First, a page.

Current issue: 56(2)
The aim of the present study was to evaluate and develop the use of natural regeneration of Norway spruce (Picea abies (L.) H. Karst.) in private forestry. The study was carried out using a line-plot survey with permanent circular sample plots. In total 40 regeneration sites were measured. The study includes results from three successive inventories: prior to the shelterwood cutting, in the summer after the cutting, and one year after the cutting. Regression and logistic regression analyses were used to construct models describing the effect of various factors on the restocking of the stands.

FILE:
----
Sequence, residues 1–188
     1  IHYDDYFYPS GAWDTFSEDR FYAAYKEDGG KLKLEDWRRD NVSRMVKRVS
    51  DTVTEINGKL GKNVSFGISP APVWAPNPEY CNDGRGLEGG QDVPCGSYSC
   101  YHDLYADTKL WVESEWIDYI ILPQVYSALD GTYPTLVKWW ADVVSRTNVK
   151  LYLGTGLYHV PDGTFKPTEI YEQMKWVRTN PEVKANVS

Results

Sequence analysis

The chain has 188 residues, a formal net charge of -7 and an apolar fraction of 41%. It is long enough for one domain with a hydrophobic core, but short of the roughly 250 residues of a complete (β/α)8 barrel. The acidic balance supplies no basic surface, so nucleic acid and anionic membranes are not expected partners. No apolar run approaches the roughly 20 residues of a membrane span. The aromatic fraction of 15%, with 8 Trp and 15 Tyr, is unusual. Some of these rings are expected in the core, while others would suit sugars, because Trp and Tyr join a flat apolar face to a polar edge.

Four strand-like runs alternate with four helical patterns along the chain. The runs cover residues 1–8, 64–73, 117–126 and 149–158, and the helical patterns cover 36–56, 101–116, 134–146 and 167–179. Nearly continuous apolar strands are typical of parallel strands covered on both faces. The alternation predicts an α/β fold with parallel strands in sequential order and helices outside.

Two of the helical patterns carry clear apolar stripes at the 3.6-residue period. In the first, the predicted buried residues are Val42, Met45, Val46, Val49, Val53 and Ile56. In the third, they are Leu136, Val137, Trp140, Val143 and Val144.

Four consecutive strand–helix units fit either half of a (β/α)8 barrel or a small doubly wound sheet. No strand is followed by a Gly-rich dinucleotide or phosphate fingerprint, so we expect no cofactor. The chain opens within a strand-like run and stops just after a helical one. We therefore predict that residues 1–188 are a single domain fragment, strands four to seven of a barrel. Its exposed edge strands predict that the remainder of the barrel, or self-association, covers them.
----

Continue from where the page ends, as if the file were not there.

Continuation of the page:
The standing volume prior to the shelterwood cutting was on average 236 m3/ha (ranging from 80 to 428 m3/ha) and after the cutting 120 m3/ha (39–220 m3/ha). The average number of stems per hectare decreased from 435 to 186. Prior to the shelterwood cutting 22% of the stands were satisfactorily restocked. After the cutting and one year later these percentages were 6 and 29%, respectively. Prior to the shelterwood cutting the number of acceptable seedlings was 1,440/ha, in the summer and year later 1,308/ha and 1,546/ha, respectively. Prior to the shelterwood cutting the characteristics of the mother stands did not correlate well with the number of seedlings. The change in the number of seedlings during the initial stage of shelterwood method depended on height of the seedling stand, amount of logging waste and number of germlings prior to the cutting. The risk to fail in regeneration was highest in the poorly restocked, sparse shelterwood stands, where a fast expansion of grass vegetation took place.
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